“There are not a whole lot of complicated issues. Some of the issues that we’ve dealt with up to now, and all of which hinge on this, were complicated and involve what I would call philosophical issues. This doesn’t. Once you’re down to this end, we either find a way to come together, or we don’t.”
The university negotiating team said that it hopes to work with the AAUP to avoid a strike. “Should it prove necessary to bargain beyond Sunday, we hope that the AAUP will join the administration in our commitment to continue the negotiations for the benefit of our students,” it said.
The possibility of a strike has left some students worried about their futures at Rider. Robert Colby-Witanek, junior piano major at Westminster Choir College (WCC), said the impending strike has been weighing on students’ minds.
“A strike would mean that students lose valuable learning time, which would amount to thousands of dollars lost in tuition for those days for our families, who are already struggling with the cost of living and a shortage of jobs in today’s economy,” he said in an inteview. “There are some students who are nervous about how a strike would affect their schedule, which shows that it is definitely in the minds of the students. The negotiations are causing a distraction.”
Bob Witanek, father of Colby-Witanek, wrote a petition on in support of the faculty and his son’s continued education.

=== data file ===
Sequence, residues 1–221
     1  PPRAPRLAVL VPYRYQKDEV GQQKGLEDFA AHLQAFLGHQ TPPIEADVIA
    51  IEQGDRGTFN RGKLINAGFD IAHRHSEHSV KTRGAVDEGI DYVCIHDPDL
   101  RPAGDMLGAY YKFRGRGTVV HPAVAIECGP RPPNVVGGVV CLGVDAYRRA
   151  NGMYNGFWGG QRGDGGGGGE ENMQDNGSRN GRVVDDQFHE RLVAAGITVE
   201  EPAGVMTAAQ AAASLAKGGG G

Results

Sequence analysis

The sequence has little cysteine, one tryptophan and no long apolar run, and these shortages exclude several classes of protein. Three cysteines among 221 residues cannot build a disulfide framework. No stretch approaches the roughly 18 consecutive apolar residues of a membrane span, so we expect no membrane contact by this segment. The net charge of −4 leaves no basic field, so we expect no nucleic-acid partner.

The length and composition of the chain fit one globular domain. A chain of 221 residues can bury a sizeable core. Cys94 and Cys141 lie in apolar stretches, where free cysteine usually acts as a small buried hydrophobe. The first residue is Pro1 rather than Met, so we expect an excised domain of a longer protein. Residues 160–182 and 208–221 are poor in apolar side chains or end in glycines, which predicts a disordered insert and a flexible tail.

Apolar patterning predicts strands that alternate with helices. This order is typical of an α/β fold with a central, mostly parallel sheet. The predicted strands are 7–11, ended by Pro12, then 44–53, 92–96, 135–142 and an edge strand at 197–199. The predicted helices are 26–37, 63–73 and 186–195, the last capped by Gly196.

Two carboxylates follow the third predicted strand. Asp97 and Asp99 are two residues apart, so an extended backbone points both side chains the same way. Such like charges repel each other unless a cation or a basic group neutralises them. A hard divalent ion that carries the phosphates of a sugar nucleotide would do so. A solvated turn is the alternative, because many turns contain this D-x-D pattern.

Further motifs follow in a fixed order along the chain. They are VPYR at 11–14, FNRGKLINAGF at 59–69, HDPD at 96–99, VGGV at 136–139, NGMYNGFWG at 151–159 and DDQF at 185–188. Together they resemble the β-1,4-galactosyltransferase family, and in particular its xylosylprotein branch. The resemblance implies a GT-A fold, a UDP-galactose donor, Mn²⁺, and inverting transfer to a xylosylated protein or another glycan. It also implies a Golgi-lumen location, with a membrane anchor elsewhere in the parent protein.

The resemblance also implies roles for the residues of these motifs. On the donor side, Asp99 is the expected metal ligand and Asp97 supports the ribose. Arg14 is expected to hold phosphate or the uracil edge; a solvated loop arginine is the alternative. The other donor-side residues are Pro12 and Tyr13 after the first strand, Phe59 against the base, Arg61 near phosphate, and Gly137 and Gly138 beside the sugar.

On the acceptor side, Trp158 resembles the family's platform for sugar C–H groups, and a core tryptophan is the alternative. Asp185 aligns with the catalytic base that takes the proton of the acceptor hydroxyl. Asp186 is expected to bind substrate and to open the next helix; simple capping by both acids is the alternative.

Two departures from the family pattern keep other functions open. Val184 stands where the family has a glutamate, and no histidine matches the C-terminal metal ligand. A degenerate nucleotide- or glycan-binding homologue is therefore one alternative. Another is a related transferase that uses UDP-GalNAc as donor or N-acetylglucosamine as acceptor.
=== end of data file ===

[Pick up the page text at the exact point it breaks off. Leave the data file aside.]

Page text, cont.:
Titled “Mordechai Rozanski: Negotiate in Fairness with Rider’s Faculty,” Witanek’s petition, dated Sept. 27 and attributed to the Rider Parents and Students Committee, had 179 supporters by the evening of Oct. 1. The petition asks Rozanski to continue offering financial packages that will retain and attract respected educators.
“We paid up front for a full semester of education, not an interrupted session, and not one taught by under-qualified temps – scabs,” said Witanek in an interview with The Rider News. “If the administration does not settle, it will demonstrate its failure to meet its obligations to students and their families that share the cost and bought the product that Rider had touted.”
Witanek, a Belle Mead, N.J., resident, said that in writing this petition, he hoped to help protect the school’s reputation.
“As is happening in universities across the country, administrations are trying to downgrade the professorial profession.  By diminishing the level of educational requirement, Rider hopes to reduce the reward for the faculty — which diminishes the value of the education for the high price that the consumers of the education here pay.
“I am trying to do a service to the student body and the other families so that we do not have to write off this semester or start shopping around for another university to transfer to. This is an opportunity for the Rider faculty, students and families to come together to work to protect the integrity of the profession and the great name of Rider University,” said Witanek.

To read the entire petition, see letter to the editor, p. 9.

Visit on Sunday, Oct. 5 for the latest regarding negotiations.